The Peculiar Paradox of Potatoes, Periodontal Disease & Diabetes

by | Jan 13, 2016 | Diet & Nutrition, Oral Health, Periodontal Health

potatoWhether you bake, boil, roast or fry them, potatoes are the most eaten vegetable in the United States. (Tomatoes come in a distant second.)

It might be that the ruddy spud, wholesome in appearance, cheap to eat, is a perfect medium. Butter, bacon, cheese, sour cream, applesauce, mayo – you name it, we glob it on. No matter how we slice, dice, or mash, we love to see potatoes on our plate.

But is loving them good for us? Not so much, says a recent study in Diabetes Care.

Analyzing data from more than 70,000 women and 40,000 men, its authors found that a higher consumption of potatoes significantly raised the risk of type 2 diabetes, independent of BMI and other risk factors. While all types of potatoes raised risk, French fries were the worst.

Issues of Inflammation

Importantly, the diet that fuels type 2 diabetes also fuels periodontal disease. One study of data from nearly 3000 adults found that 93% of those with periodontal disease were at high risk for diabetes.

That risk relationship is critically important. Periodontal disease is a silent disease until well advanced. Like diabetes, it’s also an inflammatory disease. In its early stages, periodontal disease may be considered a localized infection, but left undiagnosed and untreated, it has a proven link to an array of life-threatening systematic diseases, including heart disease, stroke, Alzheimer’s and cancer.

Diet is a factor in inflammatory diseases, and carbs increase inflammation. Those potatoes we all love so much? A potato’s total carbohydrate includes all the sugar, starch and fiber found in it – about 37 grams in a medium sized russet.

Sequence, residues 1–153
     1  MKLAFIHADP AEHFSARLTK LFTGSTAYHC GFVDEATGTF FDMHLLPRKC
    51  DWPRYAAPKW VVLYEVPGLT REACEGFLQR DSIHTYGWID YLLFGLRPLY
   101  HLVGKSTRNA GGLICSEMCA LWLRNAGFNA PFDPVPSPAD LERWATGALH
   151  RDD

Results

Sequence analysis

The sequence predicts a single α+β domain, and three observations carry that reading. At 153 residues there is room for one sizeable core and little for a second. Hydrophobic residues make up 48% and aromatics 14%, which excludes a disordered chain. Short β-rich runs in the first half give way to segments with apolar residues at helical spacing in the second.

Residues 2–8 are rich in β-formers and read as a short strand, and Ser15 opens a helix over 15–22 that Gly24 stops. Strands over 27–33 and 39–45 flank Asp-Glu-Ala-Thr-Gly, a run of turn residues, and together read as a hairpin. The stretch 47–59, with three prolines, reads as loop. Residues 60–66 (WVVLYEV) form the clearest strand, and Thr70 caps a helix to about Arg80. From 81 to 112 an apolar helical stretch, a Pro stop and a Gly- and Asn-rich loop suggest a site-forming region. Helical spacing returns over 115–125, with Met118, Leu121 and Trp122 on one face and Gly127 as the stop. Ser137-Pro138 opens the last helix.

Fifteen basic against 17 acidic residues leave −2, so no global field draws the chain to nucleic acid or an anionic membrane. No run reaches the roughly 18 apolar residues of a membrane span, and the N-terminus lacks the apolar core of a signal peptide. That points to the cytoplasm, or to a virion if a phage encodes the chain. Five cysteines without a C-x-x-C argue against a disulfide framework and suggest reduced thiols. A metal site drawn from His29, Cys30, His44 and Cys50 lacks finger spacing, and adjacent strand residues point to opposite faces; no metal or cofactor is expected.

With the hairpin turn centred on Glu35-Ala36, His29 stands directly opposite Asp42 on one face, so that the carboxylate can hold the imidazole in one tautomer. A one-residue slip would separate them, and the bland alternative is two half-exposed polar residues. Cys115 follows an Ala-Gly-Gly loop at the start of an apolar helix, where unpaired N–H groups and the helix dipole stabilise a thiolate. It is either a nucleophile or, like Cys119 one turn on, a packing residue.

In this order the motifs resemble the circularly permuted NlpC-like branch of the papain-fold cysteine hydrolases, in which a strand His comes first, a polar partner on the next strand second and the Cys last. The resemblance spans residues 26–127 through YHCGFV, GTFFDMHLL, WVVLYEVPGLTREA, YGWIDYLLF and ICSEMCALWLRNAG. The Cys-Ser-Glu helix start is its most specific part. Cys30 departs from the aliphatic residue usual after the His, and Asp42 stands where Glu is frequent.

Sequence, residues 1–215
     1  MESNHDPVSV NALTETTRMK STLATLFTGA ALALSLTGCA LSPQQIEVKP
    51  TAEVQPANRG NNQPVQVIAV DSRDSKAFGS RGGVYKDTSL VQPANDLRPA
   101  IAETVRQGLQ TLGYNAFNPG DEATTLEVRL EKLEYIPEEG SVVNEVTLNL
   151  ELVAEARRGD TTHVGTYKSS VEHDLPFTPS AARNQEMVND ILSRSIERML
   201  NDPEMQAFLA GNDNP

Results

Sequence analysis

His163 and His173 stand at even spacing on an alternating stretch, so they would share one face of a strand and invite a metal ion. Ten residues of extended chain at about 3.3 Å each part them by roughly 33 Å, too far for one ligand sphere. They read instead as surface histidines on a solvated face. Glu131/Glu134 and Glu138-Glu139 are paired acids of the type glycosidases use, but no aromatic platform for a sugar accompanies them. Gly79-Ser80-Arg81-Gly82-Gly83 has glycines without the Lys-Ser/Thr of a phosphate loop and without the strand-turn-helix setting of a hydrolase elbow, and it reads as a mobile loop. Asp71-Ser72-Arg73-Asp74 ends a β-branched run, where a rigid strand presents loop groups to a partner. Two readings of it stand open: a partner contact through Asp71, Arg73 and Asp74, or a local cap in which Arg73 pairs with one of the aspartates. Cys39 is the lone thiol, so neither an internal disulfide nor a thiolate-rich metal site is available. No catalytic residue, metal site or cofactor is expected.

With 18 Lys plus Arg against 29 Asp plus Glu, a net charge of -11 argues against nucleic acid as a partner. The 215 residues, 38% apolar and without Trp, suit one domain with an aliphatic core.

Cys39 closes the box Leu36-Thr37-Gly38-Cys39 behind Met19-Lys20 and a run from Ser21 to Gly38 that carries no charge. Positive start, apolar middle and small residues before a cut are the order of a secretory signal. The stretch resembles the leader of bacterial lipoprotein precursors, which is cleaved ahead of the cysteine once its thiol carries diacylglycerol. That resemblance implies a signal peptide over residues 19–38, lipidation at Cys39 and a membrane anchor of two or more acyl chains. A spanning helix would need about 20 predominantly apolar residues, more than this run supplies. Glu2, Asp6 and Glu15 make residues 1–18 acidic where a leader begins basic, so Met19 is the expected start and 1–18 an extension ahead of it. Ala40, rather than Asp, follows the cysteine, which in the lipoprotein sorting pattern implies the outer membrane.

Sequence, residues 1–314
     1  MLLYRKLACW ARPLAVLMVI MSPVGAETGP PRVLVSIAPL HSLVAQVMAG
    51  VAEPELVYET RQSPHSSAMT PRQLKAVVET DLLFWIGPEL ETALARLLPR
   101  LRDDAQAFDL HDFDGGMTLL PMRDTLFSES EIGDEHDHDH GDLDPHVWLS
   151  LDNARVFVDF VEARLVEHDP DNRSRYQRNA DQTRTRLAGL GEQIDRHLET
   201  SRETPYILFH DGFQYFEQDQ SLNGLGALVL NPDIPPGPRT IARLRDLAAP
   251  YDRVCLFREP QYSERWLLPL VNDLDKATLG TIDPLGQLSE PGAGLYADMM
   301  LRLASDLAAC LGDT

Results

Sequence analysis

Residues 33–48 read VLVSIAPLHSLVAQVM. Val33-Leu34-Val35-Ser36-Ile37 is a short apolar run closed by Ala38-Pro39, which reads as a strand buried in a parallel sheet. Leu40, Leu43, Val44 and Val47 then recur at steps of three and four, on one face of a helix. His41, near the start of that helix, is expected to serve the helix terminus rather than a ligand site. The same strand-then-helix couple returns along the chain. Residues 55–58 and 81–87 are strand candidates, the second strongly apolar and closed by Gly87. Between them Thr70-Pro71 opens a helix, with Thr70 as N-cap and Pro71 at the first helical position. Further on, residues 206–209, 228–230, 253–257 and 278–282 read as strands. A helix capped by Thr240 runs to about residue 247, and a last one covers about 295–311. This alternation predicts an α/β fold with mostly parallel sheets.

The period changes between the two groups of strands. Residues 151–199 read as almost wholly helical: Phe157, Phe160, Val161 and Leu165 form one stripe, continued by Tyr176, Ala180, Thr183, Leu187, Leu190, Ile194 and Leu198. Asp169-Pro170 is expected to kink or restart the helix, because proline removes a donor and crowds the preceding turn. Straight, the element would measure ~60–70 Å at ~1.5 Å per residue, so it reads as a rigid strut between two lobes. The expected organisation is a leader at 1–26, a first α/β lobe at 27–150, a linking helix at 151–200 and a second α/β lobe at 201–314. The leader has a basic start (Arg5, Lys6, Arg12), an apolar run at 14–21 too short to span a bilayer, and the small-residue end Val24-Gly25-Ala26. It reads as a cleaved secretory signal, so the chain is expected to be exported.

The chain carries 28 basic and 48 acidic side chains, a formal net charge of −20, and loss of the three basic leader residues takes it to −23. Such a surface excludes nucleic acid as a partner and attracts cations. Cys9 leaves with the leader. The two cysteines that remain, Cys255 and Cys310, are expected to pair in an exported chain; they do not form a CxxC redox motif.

That’s roughly one-third of the USDA’s recommended daily total carb intake.

And when that potato is digested, its sugar and starch break down into glucose, a/k/a, simple sugar. High levels simple sugars generate inflammation and increase glucose in the bloodstream – a process known as “meal induced inflammation.”

Carb heavy meals create oxidative stress and set up inflammatory conditions that support disease.

Biological Integration

So how do we pull potatoes, periodontal disease, diabetes and biological dentistry together?

We start with the basics. An exam. We’ ask about your health history and any concerns you may have. If we find a level of gum disease, you can expect a plan of action. We may ask questions about your diet and make recommendations to support your goals for a healthy mouth.

Since periodontal disease and diabetes are diseases of inflammation, and since a diet high in carbs increases inflammation in the body, it could be an indication that broader lifestyle changes will support healing.

The problem isn’t just the total amounts of carbs and simple sugars entering the bloodstream. A key factor is the frequency of intake. The the more often you eat them, the greater the inflammation.

As your own best healthcare advocate, your dental appointment is a powerful opportunity. It has the potential to not only improve your oral health by reducing inflammation but support a state of health throughout your body.

Image by Chris Sloan

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